Vegetarian food in the schools and higher road tolls loom in the Norwegian capital, after the Greens Party could and did demand more power within Oslo’s new city government. The coalition made up of the Greens, Labour and the Socialist Left (SV) parties remains the same, but Labour lost some of its dominance.
“Green politics must be red (in Norway, the colour of left-wing parties) in order to succeed, and red politics must be green in order to last,” claimed Raymond Johansen, the Labour Party veteran who has led Oslo’s city government for the past four years. He’ll still lead the incumbent coalition, but he’s had to make lots of concessions to the Greens after they won nearly as much as Labour’s 18 percent of the vote in last month’s municipal elections.
Johansen, for example, had to give up Labour’s political control of the city’s mighty finance department, which has been largely responsible for implementing Oslo’s controversial property tax that Labour campaigned for in 2015. The city government’s new politician in charge of finance will be Einar Wilhelmsen of the Greens, who’s most recently been working for the environmental organization Zero that promotes zero emissions. The 45-year-old Wilhelmsen has earlier worked as a deputy leader in finance under Labour’s Robert Steen, who has headed finance since 2015 but will now assume control of the city department in charge of health, elder care and resident services.
The Greens’ high-profile and often provocative politician Lan Marie Nguyen Berg will remain as the equivalent of a city minister in charge of the environment and transport. Berg has so far managed to fend off criticism that’s led to investigations of thousands of labour violations in city agencies under her control. Several other city agencies are under probe as well.
Berg, meanwhile, is moving forward with plans to step up measures aimed at forcing people out of their cars and on to bicycle, bus, tram or other public transport seats instead. She’s keen to remove even more street parking, close more streets entirely, lower speed limits and even further raise controversial road tolls, all in an effort to meet the Greens’ goal of making Oslo the first emissions-free city in the world. Oslo’s ruling coalition has also stated that it won’t back the E18 West Corridor and E6 Oslo East highway improvement projects.
Berg trumpeted a looming 20 percent reduction in individual ticket prices for public transport, but there will be no price reduction in the monthly passes used by most commuters. Instead, Berg vows to roll out another 100 kilometers of new bike lanes i Oslo by 2023, which already have been replacing street parking all over the city.
SV, meanwhile, hung on to the mayor’s office, which will continue to be led SV veteran Marianne Borgen. The mayor’s post is largely ceremonial in Oslo, with Johansen as city government leader having much more political power, but it’s a high-visibility post for which the 68-year-old Borgen won reappointment for the next four years.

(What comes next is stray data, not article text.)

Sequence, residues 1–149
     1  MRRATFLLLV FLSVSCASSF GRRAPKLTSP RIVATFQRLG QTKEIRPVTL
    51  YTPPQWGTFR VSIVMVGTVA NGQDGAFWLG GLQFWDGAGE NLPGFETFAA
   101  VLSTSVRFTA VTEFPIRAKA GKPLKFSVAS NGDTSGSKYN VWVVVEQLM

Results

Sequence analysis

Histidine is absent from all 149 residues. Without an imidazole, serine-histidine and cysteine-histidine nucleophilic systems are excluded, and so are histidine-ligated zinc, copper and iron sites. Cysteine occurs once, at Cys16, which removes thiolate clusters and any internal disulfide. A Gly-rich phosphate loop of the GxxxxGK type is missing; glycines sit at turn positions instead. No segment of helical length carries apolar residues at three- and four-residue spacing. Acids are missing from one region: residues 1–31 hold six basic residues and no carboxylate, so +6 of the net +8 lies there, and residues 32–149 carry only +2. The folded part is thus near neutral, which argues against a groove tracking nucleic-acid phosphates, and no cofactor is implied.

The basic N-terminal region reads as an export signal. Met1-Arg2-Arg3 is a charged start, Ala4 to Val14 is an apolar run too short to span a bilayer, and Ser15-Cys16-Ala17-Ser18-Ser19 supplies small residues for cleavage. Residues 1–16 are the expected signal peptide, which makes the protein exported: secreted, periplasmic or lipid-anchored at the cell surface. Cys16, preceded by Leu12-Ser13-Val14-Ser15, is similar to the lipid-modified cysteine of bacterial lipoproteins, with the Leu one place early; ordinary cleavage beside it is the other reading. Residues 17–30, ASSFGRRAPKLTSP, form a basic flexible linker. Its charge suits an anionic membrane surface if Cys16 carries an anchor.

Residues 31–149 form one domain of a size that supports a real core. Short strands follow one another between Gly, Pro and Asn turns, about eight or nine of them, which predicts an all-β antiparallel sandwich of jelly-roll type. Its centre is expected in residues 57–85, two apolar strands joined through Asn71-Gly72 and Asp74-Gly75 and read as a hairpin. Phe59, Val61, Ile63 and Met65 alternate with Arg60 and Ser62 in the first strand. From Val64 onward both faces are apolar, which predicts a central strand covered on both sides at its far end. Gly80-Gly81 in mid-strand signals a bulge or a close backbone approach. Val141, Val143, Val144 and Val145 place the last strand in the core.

The city coalition government’s new platform for the next four years, presented after four weeks of negotiations among Labour, the Greens and SV, is full of more benefits for families with small children, many of whom will now be eligible for free activities and supervision after the city’s relatively short school days. One-year-olds in seven of Oslo’s less-affluent districts will also be eligible for at least half-days of free day care. Labour won its campaign to offer free food at school for children up to the fourth grade, while the Greens could claim that it won’t include meat. Food served in city-financed nursing homes will also be vegetarian, Berg boasted.
SV won its campaign for a so-called “third housing market” in Oslo, aimed at providing around 1,000 subsidized residences that people with low- or moderate incomes would be able to buy. SV has long promoted various climate- and environmentally friendly policies and programs as well, backing the new welfare programs for school children along with the Greens’ desire to plant 100,000 more trees in Oslo by 2030 and shut down the cruise terminals around Akershus. Large cruiseships have lost popularity in Oslo because of their carbon emissions and the thousands of tourists they unleash into the city upon arrival.
Higher taxes likely
The government’s programs will be costly, prompting several commentators to note that taxes will have to rise to pay for it all. “The city government’s platform is an expensive affair, and depends on Oslo’s tax revenues remaining high,” wrote Andreas Slettholm in newspaper Aftenposten on Wednesday. Others hailed a “greener” Norwegian capital, not least since the state government continues to promote ongoing oil exploration and production and other projects that mean Norway won’t meet its national climate goals for 2020, and probably not for 2030 either.
Some commentators were already predicting that given the Greens’ gains nationwide in the last election, Oslo’s new government coalition may serve as a model for a new left-green state government coalition after the next parliamentary election in 2021. “The steering model in the capital can form a base for red-green cooperation at the national level,” editorialized newspaper Dagsavisen. It would be most likely formed, however, by Labour and the district-friendly Center Party, which is barely represented in Oslo and has claimed it will not govern with the Greens since the political distance between them is too wide.
“In our opinion it’s not so wide that it couldn’t narrow if that’s necessary to form a majority state government,” wrote Dagsavisen. “It would be good for the Center Party to become greener itself.”